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Cells are the units of all living organisms. In order for organisms and their organ systems to function correctly, the cells that composed them need to be functional. Cells are composed of membrane bound internal structure, called organelles, which allow the interior of the cell to be compartmentalized with each compartment/organelle carrying a specific function.
Molecules inside the cell move between these compartments via vesicles. One important route inside the cell is the endocytic pathway, which entails trafficking of cargoes from outside to early and late endosome to lysosome. The latest is involved in degrading molecules and damaged organelles from the cell. Defects in these endocytic trafficking mechanisms lead to neurodegeneration and pigment dilution diseases such as Hermansky-Pudlak, and arthrogrypsosis, renal dysfunction and cholestasis (ARC) syndromes 1 and 2.
Many protein complexes, such as homotypic fusion and protein sorting (HOPS) have been identified to play a role in endocytic trafficking. Mutations in VPS33b, a protein of the HOPS complex, as well mutations in VIPASP39/SPE-39, another protein important for the endocytic pathway cause ARC syndrome. Although the proteins and mutations have been identified, the mechanisms responsible for ARC syndrome are not understood. We hypothesized that these mutations prevent interaction between VPS33b and SPE-39, causing ARC syndrome. Surprisingly, some but not all mutations present in ARC patients prevent the binding of VPS33b and SPE-39, suggesting that disruption of the binding is not the main mechanism that leads to ARC syndrome.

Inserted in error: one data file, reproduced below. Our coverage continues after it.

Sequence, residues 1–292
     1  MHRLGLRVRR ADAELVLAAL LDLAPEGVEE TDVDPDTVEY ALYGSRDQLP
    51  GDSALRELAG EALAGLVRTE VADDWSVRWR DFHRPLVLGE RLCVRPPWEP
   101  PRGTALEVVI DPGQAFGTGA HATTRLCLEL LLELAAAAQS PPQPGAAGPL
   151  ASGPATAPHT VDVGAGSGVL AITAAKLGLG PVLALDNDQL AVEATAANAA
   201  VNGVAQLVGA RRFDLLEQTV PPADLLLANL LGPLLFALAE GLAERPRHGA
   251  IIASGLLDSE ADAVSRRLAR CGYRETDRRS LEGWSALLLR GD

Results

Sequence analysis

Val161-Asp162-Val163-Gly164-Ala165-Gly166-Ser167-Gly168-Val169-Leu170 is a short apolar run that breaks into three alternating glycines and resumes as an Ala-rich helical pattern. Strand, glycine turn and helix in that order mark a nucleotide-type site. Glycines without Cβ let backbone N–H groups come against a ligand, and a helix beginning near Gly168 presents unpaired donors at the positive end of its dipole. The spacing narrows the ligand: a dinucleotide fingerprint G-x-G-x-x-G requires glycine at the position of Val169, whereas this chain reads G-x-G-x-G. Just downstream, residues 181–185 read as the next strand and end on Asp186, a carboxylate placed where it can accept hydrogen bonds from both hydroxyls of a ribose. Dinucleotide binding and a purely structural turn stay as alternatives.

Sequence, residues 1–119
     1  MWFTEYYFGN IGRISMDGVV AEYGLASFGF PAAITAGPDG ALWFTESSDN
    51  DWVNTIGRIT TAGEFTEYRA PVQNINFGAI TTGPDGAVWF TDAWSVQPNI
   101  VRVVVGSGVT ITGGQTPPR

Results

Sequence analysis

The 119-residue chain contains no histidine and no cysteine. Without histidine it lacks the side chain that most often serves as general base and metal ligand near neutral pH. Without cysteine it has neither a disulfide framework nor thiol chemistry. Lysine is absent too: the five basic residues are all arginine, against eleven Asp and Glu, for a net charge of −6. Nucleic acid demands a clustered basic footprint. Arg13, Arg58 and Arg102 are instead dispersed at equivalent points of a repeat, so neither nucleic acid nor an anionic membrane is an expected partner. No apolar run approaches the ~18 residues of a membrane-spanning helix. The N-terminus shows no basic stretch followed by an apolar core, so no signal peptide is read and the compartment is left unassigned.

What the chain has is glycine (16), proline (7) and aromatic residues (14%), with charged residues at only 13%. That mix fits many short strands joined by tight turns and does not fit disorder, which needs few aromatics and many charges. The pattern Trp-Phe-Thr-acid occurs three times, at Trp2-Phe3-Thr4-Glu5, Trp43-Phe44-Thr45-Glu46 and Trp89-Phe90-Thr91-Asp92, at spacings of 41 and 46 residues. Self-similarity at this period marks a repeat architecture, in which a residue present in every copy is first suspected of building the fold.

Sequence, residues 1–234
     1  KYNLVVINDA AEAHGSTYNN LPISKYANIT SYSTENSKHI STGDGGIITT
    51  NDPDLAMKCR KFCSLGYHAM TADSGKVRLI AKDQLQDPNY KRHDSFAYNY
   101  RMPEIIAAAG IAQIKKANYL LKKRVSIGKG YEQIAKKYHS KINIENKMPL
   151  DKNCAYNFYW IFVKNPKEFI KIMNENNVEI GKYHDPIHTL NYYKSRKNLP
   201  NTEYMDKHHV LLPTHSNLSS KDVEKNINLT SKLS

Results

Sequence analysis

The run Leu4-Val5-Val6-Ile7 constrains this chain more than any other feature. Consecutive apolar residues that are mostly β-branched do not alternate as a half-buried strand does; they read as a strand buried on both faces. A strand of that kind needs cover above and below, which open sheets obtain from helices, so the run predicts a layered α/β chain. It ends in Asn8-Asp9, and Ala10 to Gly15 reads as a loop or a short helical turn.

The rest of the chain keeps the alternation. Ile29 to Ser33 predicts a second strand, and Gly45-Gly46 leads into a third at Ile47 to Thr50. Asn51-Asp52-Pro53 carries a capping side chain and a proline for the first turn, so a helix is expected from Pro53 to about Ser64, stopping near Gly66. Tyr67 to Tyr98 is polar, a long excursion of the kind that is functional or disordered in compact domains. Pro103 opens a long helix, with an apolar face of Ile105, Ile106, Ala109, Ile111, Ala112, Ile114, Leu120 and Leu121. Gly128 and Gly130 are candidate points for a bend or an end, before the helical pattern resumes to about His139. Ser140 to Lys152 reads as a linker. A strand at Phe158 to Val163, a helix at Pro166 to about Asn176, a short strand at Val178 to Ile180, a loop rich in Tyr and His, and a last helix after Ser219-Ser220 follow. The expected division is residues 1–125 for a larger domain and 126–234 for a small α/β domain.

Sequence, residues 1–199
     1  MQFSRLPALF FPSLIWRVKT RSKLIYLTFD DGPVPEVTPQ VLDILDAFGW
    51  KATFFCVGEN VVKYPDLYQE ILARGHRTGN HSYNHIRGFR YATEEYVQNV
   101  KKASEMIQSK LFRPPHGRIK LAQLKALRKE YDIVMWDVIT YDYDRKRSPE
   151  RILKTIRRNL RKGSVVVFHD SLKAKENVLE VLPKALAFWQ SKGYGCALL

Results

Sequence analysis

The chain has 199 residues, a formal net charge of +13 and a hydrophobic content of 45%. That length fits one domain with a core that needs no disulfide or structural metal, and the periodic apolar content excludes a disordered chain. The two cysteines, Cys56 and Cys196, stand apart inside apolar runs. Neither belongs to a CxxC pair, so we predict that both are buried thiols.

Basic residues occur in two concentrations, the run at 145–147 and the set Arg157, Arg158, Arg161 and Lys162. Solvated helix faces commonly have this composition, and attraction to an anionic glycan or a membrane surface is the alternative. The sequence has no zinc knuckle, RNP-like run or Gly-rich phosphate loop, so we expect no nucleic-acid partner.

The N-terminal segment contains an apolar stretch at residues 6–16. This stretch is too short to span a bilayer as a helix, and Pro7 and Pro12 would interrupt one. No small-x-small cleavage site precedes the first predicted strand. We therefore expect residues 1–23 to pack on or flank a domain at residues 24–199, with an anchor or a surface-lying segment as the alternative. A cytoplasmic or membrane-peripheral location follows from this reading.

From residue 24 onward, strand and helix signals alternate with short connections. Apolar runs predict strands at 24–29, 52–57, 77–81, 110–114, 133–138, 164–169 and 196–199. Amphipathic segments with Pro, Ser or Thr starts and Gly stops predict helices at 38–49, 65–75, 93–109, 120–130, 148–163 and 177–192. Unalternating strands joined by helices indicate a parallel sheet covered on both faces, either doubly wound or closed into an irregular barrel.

We investigated next if mutations affected the interaction between the different proteins of the HOPS complex, as well as the 3D structure of VPS33b. The integrity of HOPS complex and the 3D structure of VPS33b were not affected by the mutations observed in ARC patients.
Endosome maturation, from early to late endosome to lysome, involves fusion of vesicles (transporting cargoes) to endosomes, as well as addition and removal of proteins in the membrane of endosomes. ARC mutations could cause ARC syndromes by interfering with endosome maturation and therefore endosome-lysosome function. HOPs complex subunits have been described in Golgi compartments, early-late endosomes, and in VIPAS39/SPE-39 positive endosomes.
Using high-resolution microscopy, the co-localization of normal endogenous VPS33b and of VPS33b pathogenic mutations with these compartments was observed. No differences were observed between the co-localization of normal and pathogenic VPS33b with the Golgi compartments, and early-late endosomes, but differences were observed with VIPAS39/SPE-39 positive endosomes.
Normal VPS33b exhibits three patterns of co-localization with VIPAS39/SPE-39 positive endosomes. Pattern A is characterized by overlapping between VPS33b and VIPAS39/SPE-39, pattern B exhibits juxtaposed co-localization with minimal overlapping, and pattern C is characterized by adjacent co-localization with no overlapping. All pathogenic VPS33b mutations changed the ratio of these patterns, with a decrease in overlapping (pattern A) and an increase in juxtaposed pattern B.
Down-regulation of VIPAS39/SPE-39 affects delivery of cargoes between early and late endosomal compartments in human cells.
These results suggest a model where Vps33b organelles fuse with VIPAS39/SPE-39 positive endosomes during endosome maturation. ARC syndromes due to mutation in VPS33b and SPE-39 could be explained by a dysfunction of endosome maturation and endocytic pathway. Understanding the mechanisms involved in ARC syndrome is a first step toward the development of potential treatments.
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